Nigel Henderson talks to a coach whose interest in mental health issues has uncovered a worrying trend
Depression and anxiety are manifesting among cricketers as young as ten, according to a leading coach and advocate for good mental health.
Lindsay Moody, who worked with England captain Joe Root at the age of 12 and had a short career in Sussex’s 2nd XI, worries that parental expectation is making the problem far worse than in previous generations, with players under almost unbearable pressure to perform.
Moody, who recently qualified as a mental health first-aider, also believes that cricket itself exposes difficulties that might be pre-existing, such as issues over child abuse.
“The pressure from their parents, and their peers, is huge,” he says. “If you win a few matches and do well it’s enormous for the kid; but the devastation on their faces when the district or performance squad is whittled down from 120 boys to 80 boys is massive. For some of them it’s the end of the world.
“They’re all Ok when things are going well. But when they’re not … you know what the modern world’s like. It’s only interested in the good ‘uns, not in the bad ‘uns and not interested in the good ‘uns when they lose form. There has always been that but the expectancy from parents is greater than in the past
“If you go to any district session most of the cars that turn up are Mercedes, Jaguars, Porsches. They want their sons to do well. I have so many issues with parents coming down and trying to talk to their kids and I say – can you let me deal with it? But I know that when they go away they’re going to be going on at them. It starts there, that’s my issue, and when they grow older, if you’re not careful, it stays with them.”
Some youngsters bring difficulties from other areas of their lives. “Cricket has a way of bringing out problems out because it’s such a game of the mind,” he says.
A man who spent more than a decade as head coach of the Surrey women’s team, Moody adds: “It’s there with girls as well as the women’s game becomes higher profile and the financial rewards higher but not as much as the boys. And rightly or wrongly, now that England have got central contracts, they compare themselves with the men, which has its own concerns.”
Moody, who has spent much of his 40-year coaching career in Surrey, Kent and Yorkshire, also cautions that the three Australians at the centre of the ball-tampering scandal will need careful watching in the months ahead as their suspensions take hold.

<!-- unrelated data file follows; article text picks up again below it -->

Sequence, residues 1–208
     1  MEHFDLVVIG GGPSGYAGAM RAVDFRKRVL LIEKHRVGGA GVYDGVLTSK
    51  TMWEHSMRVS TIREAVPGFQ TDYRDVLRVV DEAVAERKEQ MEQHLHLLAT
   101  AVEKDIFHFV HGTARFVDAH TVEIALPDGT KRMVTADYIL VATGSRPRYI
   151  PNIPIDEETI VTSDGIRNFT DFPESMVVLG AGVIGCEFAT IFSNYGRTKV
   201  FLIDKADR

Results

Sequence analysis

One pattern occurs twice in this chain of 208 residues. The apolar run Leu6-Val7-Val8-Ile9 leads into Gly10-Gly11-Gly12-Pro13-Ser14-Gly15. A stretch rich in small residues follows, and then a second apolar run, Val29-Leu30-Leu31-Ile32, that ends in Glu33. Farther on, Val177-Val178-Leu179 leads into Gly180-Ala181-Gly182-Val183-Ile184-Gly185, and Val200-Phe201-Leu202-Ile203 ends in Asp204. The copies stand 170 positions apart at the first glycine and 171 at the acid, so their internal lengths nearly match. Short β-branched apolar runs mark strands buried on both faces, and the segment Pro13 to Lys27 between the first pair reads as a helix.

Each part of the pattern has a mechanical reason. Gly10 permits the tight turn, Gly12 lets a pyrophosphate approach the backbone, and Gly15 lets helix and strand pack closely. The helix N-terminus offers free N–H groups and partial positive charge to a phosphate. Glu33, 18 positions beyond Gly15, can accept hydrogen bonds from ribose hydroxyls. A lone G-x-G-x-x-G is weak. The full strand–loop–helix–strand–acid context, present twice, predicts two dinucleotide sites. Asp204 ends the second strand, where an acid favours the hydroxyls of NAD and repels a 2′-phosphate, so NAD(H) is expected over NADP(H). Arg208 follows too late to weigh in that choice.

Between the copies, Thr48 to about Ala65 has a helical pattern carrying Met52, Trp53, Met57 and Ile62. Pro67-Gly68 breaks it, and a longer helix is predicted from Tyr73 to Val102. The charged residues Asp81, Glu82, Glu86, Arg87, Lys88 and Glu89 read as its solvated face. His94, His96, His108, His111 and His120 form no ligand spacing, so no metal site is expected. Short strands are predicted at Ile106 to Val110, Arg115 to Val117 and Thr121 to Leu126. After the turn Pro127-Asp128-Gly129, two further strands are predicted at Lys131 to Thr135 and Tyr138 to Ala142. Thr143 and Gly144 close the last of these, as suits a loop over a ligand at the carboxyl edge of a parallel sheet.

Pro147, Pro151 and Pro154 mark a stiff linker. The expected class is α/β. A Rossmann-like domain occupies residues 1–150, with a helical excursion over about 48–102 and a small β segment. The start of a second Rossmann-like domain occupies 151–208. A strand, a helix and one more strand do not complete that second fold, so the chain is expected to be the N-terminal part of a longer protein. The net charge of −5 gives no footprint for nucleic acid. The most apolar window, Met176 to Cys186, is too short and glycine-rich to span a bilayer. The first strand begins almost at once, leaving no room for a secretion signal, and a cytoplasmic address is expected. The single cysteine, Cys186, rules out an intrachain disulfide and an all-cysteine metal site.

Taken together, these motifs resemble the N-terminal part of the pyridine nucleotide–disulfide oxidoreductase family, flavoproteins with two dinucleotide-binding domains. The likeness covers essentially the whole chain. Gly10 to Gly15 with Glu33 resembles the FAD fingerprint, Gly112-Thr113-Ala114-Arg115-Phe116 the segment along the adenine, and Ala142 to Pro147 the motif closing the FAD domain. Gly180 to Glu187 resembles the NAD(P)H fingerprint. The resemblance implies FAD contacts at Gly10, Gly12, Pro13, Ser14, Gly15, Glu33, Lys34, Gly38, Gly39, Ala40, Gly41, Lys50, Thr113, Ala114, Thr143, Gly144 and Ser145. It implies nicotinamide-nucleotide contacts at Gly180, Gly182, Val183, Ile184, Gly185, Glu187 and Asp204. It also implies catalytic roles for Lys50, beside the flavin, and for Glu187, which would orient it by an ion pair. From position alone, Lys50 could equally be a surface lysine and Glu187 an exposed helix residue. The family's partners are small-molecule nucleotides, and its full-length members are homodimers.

“Steve Smith was broken in that interview,” he says in reference to the Australian’s press conference on his arrival in Sydney. “He was getting really emotional, it wasn’t false. My gut instinct is that Warner will recover quite well, he is generally able to express his anger. For Smith, this is something new. He’s worked his way up to where he is – the comparisons with Don Bradman. But he won’t have experienced anything like this.
“But I could be wrong. This is why you have to speak to them all and analyse them very carefully.”
It is not all bad news, however. Moody, who suffered a broken hip that went undiagnosed for two years in his teens, found his way to the top at Hove blocked by a team packed with overseas stars such as Javed Miandad, bringing him his own confrontation with depression and anxiety that at one point resulted in him having to be sent home from a tour to the Caribbean. It is what makes him so determined to succeed in his offshoot career, one in which he hopes to train people in all walks of life to spot the triggers for mental health problems.
“I’ve been in discussions with the ECB and I want to go into every county and national team and train them up. This is not about treatment, it is about having people in situ so players know who to go to. Things can be going on for a long time before they erupt and this would help in guiding them towards professional help. It’s long overdue.”